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DUBAI: Since early March, Lebanese have taken to the streets in a renewed round of protests as the pound plunged to a record low on the black market. Over the past week masses of protesters have closed the main Martyr’s Square in central Beirut while others have blocked the highway linking the capital with the north and south.

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A new level of violence and distress has gripped the country. Fights over basic necessities have broken out in supermarkets as families struggle to survive. More than half of the population is now living below the poverty line.

Lebanon has spent nearly two months under one of the world’s strictest COVID-19 lockdowns, pushing its sickly economy and restive population to the very brink. The period has coincided with mounting civil unrest and a brutal political assassination, prompting fears of further instability.

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A boy gestures as Lebanese anti-government protesters confront security forces while going around the homes of deputies and government officials in the northern port city of Tripoli in January 2021. (AFP/File Photo)

Since Jan. 14, citizens not deemed “essential workers” have been prevented from leaving their homes by a strict round-the-clock curfew that was imposed after a surge in coronavirus cases overwhelmed the nation’s health system.

The coronavirus measures have piled further misery on a public already reeling from the currency collapse, with many households left hungry and forced to rely on charity or the burgeoning black market.

The combined impact of the renewed protests, political violence and economic pain is understandably jangling Lebanese nerves, still raw from the trauma of last August’s Beirut port blast.

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For families facing destitution, with little chance of help from a barely functioning government, the latest lockdown has all the trappings of the final straw.

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Lebanese anti-government protesters burn garbage as they go around the homes of deputies and government officials in the northern port city of Tripoli to protest the economic situation and their role in leading the country to crisis, on January 28, 2021. (AFP/File Photo)

“None of this is surprising,” Nasser Saidi, Lebanon’s former economy and trade minister, told Arab News.

“Income is down. GDP is down by at least 25 percent. We’re having inflation in excess of 130 percent; general poverty is over 50 percent of the population; food poverty is over 25 percent of the population; unemployment is rapidly increasing; and thousands of businesses are being shut down.

“All of this is coming to the fore and at the same time we have a lockdown. It was a very stupid decision the way it was done, to lock Lebanon down, because it prohibits people from even being able to go and get their groceries, their food and necessities. And then it meant also shutting down factories and manufacturing.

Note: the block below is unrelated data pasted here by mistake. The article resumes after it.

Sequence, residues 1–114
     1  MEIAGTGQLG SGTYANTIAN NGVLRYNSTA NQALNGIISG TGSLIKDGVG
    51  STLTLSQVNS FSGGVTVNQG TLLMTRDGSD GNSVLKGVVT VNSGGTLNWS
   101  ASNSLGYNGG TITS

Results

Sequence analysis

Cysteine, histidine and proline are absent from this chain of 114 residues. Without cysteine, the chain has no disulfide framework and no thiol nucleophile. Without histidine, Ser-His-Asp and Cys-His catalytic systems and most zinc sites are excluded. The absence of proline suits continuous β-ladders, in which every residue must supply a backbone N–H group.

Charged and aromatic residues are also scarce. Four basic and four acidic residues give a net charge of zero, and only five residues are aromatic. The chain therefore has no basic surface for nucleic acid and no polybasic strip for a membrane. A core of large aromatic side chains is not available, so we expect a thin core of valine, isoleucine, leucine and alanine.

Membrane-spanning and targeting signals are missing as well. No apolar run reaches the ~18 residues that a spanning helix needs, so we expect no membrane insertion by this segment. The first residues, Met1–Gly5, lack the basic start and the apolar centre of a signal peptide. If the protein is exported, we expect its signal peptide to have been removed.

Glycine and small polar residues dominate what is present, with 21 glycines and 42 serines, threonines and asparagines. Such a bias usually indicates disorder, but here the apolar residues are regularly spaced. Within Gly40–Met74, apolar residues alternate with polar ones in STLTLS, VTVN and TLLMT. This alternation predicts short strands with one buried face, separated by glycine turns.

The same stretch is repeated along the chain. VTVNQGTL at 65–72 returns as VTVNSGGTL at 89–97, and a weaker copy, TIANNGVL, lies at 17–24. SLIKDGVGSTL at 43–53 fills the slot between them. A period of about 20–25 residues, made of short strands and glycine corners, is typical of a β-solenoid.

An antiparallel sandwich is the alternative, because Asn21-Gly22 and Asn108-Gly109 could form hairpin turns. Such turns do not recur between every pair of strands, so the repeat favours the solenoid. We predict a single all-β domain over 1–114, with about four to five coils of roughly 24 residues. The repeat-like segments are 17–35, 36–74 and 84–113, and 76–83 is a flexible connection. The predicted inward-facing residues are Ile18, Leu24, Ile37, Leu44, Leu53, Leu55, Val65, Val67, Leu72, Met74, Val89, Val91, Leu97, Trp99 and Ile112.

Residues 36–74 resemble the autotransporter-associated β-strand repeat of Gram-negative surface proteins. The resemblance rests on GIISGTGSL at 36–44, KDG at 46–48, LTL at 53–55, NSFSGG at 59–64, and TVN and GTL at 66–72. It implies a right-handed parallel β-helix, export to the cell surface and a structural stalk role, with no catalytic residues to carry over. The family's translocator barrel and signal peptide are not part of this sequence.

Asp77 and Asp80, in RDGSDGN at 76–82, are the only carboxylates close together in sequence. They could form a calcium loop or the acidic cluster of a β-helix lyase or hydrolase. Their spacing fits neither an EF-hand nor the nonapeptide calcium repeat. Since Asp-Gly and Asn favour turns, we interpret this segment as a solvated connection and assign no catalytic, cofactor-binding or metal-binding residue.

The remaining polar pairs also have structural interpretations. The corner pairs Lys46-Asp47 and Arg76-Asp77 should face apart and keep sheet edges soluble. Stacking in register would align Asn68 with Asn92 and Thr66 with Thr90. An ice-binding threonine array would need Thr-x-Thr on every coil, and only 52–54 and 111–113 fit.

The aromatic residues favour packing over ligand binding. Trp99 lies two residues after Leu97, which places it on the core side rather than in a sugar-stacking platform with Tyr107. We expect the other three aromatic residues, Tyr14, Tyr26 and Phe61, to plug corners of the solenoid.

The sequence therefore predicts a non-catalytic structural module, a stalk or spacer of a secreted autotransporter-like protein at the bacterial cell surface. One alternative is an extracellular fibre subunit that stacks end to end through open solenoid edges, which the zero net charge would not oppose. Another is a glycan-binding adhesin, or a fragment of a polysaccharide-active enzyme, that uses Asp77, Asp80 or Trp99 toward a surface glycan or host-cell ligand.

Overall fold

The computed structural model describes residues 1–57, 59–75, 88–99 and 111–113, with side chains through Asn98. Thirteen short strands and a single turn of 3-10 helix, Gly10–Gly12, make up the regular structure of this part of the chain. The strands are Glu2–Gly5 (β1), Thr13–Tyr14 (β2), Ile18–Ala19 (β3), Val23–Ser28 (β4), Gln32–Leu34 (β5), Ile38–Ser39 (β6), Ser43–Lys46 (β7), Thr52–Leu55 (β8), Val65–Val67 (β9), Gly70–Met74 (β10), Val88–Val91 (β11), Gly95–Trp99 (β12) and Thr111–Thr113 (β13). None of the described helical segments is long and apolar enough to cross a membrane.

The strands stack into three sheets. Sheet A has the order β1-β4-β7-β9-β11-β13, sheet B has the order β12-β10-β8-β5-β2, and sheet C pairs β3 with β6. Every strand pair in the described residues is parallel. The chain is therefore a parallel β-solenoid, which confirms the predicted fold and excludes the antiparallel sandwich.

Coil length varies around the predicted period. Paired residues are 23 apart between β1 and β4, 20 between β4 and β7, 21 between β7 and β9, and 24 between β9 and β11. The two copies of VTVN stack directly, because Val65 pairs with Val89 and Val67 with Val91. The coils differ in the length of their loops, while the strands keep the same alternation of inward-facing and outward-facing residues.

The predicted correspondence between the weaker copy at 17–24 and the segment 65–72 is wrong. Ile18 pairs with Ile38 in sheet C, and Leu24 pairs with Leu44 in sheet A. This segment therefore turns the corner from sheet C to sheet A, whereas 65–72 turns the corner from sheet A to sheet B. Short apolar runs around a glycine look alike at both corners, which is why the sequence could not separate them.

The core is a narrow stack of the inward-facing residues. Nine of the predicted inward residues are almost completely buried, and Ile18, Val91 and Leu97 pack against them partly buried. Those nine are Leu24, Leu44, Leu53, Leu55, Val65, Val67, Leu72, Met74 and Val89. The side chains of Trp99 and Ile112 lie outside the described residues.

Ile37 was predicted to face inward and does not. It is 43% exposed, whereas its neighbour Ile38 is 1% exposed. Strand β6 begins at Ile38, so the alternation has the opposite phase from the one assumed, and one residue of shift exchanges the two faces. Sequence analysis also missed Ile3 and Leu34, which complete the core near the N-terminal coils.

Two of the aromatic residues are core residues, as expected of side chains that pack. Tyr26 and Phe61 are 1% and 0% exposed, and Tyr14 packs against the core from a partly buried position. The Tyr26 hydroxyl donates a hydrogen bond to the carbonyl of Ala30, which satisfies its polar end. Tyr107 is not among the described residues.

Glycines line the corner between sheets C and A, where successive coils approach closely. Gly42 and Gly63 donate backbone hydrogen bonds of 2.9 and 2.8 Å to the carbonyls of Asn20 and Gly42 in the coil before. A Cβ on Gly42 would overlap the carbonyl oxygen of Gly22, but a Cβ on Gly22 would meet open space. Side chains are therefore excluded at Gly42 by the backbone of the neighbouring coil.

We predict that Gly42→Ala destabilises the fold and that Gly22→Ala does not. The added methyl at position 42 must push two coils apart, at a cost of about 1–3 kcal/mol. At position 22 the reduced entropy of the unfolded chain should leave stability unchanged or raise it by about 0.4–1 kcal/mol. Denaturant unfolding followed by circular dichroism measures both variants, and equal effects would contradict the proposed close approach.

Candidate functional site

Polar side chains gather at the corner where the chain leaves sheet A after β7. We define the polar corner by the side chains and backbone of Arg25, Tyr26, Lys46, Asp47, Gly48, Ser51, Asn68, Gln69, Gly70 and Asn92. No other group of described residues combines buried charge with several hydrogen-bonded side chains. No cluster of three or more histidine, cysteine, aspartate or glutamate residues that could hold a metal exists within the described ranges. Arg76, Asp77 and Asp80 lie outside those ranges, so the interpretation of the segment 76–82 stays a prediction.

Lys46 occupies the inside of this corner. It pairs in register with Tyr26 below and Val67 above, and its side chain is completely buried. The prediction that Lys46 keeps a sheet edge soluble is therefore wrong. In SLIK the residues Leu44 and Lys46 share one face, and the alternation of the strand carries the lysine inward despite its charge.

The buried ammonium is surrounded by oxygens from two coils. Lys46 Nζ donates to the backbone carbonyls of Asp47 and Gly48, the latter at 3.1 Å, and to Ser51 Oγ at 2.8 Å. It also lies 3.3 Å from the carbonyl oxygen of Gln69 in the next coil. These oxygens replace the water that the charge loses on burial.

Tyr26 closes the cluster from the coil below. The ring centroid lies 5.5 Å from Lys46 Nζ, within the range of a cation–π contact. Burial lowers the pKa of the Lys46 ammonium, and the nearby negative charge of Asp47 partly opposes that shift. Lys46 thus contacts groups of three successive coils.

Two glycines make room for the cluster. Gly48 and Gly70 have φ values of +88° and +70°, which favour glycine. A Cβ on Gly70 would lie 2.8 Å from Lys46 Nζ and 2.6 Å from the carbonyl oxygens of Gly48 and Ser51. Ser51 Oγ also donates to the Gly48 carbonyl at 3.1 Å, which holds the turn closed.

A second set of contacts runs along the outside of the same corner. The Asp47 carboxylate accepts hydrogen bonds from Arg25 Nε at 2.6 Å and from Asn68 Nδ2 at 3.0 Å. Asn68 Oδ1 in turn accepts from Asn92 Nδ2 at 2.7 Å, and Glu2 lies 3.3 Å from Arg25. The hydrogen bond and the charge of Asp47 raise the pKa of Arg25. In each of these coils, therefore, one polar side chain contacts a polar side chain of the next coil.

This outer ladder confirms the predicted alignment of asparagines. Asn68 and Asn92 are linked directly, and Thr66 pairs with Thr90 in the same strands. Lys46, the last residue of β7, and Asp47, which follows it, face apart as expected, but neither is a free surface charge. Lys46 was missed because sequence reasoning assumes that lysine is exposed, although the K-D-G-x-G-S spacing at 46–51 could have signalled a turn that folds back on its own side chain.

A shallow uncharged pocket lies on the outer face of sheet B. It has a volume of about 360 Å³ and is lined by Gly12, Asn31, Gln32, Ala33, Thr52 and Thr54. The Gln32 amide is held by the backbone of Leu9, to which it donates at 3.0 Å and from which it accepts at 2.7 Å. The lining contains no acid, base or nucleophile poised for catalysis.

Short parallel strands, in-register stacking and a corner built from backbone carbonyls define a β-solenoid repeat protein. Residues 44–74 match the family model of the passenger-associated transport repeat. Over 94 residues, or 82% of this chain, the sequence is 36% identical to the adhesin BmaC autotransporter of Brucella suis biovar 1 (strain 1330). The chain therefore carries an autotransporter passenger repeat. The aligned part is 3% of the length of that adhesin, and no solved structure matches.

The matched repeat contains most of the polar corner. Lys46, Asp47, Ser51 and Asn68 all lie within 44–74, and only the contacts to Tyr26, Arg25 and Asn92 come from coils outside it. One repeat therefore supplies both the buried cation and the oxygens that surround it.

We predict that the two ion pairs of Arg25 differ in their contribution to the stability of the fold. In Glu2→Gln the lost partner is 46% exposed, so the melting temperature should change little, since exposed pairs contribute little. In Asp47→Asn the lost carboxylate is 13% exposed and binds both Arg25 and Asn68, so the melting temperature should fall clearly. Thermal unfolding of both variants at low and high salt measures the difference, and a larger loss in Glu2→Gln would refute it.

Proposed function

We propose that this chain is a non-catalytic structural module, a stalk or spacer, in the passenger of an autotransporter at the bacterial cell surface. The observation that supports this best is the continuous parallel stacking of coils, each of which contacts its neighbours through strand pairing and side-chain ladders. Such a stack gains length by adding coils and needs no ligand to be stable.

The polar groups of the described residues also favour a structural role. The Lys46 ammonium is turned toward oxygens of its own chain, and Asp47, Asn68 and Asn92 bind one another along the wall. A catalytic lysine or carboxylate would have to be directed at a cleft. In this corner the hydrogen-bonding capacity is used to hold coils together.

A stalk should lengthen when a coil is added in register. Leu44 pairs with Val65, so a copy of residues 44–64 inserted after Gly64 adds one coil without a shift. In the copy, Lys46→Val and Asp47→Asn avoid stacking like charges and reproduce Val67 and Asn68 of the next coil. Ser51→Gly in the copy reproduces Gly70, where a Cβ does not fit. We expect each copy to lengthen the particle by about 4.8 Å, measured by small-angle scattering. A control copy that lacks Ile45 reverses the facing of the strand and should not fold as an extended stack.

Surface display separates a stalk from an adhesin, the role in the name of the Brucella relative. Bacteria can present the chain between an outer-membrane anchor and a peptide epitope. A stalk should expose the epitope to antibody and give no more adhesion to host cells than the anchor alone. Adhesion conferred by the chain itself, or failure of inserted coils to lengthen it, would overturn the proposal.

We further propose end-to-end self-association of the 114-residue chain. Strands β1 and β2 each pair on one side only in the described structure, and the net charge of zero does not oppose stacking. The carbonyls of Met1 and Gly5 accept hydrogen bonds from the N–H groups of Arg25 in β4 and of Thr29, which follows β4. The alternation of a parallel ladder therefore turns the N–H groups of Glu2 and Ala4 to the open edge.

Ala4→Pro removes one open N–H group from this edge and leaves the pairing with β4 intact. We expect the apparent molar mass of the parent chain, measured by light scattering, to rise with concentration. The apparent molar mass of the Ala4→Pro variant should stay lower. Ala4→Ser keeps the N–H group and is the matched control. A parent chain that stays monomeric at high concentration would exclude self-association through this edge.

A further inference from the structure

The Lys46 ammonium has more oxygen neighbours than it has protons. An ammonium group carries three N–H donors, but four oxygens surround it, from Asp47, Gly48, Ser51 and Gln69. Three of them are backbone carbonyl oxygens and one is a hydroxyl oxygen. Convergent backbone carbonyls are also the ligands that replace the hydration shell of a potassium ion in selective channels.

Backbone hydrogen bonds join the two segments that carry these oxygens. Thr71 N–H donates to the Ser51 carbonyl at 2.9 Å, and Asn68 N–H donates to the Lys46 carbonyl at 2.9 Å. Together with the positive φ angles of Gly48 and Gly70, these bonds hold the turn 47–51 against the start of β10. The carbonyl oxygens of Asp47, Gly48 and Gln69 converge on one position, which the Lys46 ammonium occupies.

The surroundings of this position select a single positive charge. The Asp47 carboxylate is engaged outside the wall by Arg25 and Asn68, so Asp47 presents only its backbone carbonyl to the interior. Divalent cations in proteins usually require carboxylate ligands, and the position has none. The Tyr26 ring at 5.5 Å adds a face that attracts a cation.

“If you get sick, you can’t even get to a hospital or afford a hospital. Hospitals are full now due to COVID-19. You have had a series of very bad decision-making and policies, and Lebanon is paying the price for it. This is going to continue. It is not going to go away. In my opinion, we are seeing just the tip of the iceberg.”

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Lebanese army soldiers deploy around Al-Nour square in the northern city of Tripoli, following clashes between security forces and anti-government protesters. (AFP/File Photo)

The deteriorating economic and financial situation has pushed tens of thousands of Lebanese into poverty, yet more pain probably lies in store. While the official rate for the US dollar in Lebanon is 1,520 Lebanese pounds, the black-market price has now hit a record high of 10,000 — up from 7,000 just a few months ago.

On March 8, President Michel Aoun told security forces to prevent roads being blocked by protesters after demonstrators declared a “day of rage.” Troops were brought in to briefly open main roads the protesters blocked who then closed them off again in a standoff with government forces that seems to see no end in sight.

However, with little progress made on the formation of a new cabinet or implementation of reforms, some protesters have called for a revival of the nationwide street movement of late 2019 that demanded the removal of the entire political class.

Critics of the government and the various armed factions that control political life in Lebanon are vulnerable to reprisals for speaking out. On Thursday, Feb. 5, the intellectual and Hezbollah critic Luqman Slim was found dead in a car in the southern region of Zahrani with multiple gunshot wounds.

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INNUMBERS

Lebanon crisis

*405,000 – Recorded COVID-19 infections.

*19.2% – Fall in GDP in 2020.

*1/5 – Population in extreme poverty.

Although investigations are still underway, the Iran-backed Shiite militia is considered the prime suspect. Many observers believe the killing marks a dark turning point for a country whose fate already hangs by a thread.